Transmission in Motion

Meet the Makers Blogs

“Opening Your Ears to the World Around You” – Rogier Hornman

Dance Music (1962), event score by George Brecht (1926-2008).

What would have been an experimental set-up a decade ago, is now an ingrained praxis: seeing others, hearing others, while hovering my fingers over a touchpad to read a chat. This set-up was the stage for Grace Boyle and Lianne Toussaint at the Meet the Makers meeting on December 6th, 2021, organized by the workgroup Transmission in Motion of Utrecht University. Moderator Lianne Toussaint introduced multi-sensory storyteller Grace Boyle, a maker with an elaborate background in activism, advertisement, and chemistry. In the meeting, several topics around multi-sensory storytelling were addressed, from creative processes to spectatorship, and from dramaturgical strategies to ethical and documentation issues.

What sparked most interest in me during the meeting was a particular remark by Grace Boyle, where she said that ‘multi’ in multi-sensory also means equal. As a musicologist and musician within the field of performance studies, I notice slight neglect towards sound and music as a medium. Not neglect in the sense of an absence or disinterest, — on the contrary, since most performances contain some form of sound design or actual music — but in the sense of a strong hierarchy, and inequality towards the visual. Regarding the fact that sound is everywhere and always means that emancipation of it in the sense of stronger equality to visuality in performances is only logical. I of course do not want to dictate in any way what makers need to make, but the fact that sound is so omnipresent gives at least a responsibility to deal with it.  Motion and gestures evoke sound anyway (Clarke 2005, 63), and a wonderful contemporary example is a work by choreographer Jan Martens. But are we as makers/dramaturgs aware of auditory space? How many times do you listen to what’s happening in the studio? To what extent do you regard the sounds as having/doing their own dramaturgy? Especially, if we take the idea of theatre as a space for other media to be staged seriously, as argued by performance philosopher dr. Chiel Kattenbelt (2006, 29), then we could argue that sound and music are always in the intermedial mix of theatre. Another remark on sound or music dramaturgy, as argued for above, is that music is so much referred to as a driver of atmosphere or mood, but hardly talked about in an autonomous sense of textures or intrinsic qualities.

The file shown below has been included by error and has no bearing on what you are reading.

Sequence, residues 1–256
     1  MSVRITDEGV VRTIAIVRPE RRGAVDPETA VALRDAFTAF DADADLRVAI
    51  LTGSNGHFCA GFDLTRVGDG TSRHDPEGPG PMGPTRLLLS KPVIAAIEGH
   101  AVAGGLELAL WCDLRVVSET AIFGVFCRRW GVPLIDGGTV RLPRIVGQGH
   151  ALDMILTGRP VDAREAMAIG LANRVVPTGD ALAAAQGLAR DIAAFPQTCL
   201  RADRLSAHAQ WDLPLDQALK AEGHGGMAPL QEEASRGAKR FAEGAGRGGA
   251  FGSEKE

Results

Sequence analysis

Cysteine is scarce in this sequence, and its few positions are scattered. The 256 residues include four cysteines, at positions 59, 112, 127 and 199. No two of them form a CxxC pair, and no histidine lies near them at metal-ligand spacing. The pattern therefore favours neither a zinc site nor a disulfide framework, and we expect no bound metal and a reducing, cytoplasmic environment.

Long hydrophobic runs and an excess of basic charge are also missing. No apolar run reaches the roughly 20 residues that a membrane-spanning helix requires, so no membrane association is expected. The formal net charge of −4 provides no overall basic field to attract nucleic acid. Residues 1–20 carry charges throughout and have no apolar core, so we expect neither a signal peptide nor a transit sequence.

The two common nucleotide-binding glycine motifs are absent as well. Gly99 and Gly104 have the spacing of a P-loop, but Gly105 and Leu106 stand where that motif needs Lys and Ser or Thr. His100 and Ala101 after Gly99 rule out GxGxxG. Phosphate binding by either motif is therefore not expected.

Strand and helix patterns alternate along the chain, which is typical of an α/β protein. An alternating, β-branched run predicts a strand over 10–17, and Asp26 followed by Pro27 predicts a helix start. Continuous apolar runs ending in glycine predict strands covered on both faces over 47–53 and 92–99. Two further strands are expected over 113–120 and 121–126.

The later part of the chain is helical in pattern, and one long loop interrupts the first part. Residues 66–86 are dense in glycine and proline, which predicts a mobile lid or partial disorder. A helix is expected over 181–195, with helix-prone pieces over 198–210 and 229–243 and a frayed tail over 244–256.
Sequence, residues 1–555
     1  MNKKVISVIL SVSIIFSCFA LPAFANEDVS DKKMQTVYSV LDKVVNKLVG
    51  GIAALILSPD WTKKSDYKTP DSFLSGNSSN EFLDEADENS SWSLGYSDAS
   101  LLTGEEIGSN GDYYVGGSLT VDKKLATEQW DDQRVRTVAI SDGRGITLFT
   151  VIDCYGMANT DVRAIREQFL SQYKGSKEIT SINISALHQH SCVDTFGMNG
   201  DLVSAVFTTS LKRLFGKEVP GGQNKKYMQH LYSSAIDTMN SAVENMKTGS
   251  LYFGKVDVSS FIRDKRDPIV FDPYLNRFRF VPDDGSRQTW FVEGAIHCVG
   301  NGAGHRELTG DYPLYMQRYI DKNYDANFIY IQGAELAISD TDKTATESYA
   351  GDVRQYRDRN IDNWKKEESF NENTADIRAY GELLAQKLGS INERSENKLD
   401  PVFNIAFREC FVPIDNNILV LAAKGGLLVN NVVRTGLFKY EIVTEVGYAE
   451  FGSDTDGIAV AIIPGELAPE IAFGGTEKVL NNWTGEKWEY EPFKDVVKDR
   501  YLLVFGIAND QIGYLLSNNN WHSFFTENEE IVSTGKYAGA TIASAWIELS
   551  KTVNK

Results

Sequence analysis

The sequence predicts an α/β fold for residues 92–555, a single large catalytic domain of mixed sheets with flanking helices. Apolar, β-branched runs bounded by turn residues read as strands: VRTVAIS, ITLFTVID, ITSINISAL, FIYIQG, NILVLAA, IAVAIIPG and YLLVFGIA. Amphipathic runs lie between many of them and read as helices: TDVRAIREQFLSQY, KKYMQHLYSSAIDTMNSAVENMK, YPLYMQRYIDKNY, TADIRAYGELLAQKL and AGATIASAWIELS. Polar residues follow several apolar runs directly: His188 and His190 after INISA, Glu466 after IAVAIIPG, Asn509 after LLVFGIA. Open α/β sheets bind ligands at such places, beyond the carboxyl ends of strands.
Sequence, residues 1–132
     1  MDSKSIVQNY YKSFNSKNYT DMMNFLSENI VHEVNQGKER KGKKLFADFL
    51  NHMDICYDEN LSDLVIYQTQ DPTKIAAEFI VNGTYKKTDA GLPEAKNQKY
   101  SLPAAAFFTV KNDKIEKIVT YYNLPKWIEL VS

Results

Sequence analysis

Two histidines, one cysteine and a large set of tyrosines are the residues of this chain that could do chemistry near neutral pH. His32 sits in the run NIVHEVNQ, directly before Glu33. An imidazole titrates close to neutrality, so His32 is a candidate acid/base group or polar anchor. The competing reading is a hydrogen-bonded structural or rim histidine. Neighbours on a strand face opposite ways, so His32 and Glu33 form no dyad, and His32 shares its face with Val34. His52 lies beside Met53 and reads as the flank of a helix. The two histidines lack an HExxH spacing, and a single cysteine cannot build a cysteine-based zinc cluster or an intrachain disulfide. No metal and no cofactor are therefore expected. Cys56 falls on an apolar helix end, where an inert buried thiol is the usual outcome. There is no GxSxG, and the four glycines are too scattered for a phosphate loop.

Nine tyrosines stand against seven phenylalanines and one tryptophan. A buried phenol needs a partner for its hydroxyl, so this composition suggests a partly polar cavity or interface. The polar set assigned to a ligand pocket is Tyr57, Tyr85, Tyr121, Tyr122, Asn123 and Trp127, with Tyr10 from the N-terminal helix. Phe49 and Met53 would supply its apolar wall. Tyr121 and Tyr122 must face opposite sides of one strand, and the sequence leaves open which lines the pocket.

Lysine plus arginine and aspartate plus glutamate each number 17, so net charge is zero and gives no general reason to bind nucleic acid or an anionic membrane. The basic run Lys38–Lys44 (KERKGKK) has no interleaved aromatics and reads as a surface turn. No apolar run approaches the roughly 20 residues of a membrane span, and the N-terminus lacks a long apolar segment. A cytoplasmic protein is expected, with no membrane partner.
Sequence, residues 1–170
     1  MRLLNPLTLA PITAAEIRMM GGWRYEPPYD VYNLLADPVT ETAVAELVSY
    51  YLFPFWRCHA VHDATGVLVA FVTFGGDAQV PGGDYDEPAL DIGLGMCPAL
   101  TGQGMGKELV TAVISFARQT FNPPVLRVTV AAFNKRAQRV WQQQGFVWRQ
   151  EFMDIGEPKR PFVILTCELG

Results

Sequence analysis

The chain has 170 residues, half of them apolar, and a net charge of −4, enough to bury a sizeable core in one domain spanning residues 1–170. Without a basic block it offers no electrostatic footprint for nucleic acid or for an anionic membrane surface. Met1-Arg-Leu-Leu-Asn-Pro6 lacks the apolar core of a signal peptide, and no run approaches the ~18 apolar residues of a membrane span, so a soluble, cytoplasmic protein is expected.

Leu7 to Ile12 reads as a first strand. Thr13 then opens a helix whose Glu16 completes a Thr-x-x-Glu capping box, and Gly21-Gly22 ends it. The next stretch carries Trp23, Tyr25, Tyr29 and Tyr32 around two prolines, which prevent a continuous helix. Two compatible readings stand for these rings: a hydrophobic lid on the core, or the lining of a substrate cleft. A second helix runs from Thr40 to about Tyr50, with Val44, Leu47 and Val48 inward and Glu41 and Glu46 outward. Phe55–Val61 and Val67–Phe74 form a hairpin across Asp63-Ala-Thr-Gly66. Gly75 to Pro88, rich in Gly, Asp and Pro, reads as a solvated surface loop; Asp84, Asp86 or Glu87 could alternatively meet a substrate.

Grace Boyle told us that she aims for a cross-modal experience, an experience where smell evokes thoughts and sounds evoke images. An example of that from my own surroundings is Paint/Movement/Sound Performance (2020) by Kiki Deirdre Hoefsmid. Inspired by that, ask yourself in a performance: what does the scenography sound like? What does this dance sound like? How do I understand the motions when I try to listen to them? I would love to read and hear about what a performance ‘sounded like’ and what aural textures were communicated not just by the explicit (acousmatic) music, but by what you saw, felt, and sensed.


  • Clarke, Eric F. 2005. Ways of Listening: An Ecological Approach to the Perception of Musical Meaning. New York: Oxford University Press.
  • Kattenbelt, Chiel. 2006.”Theatre as the Art of the Performer and the Stage of Intermediality.” In Intermediality in Theatre and Performance, edited by Freda Chapple and Chiel Kattenbelt, 29–39. Amsterdam; New York: Rodopi.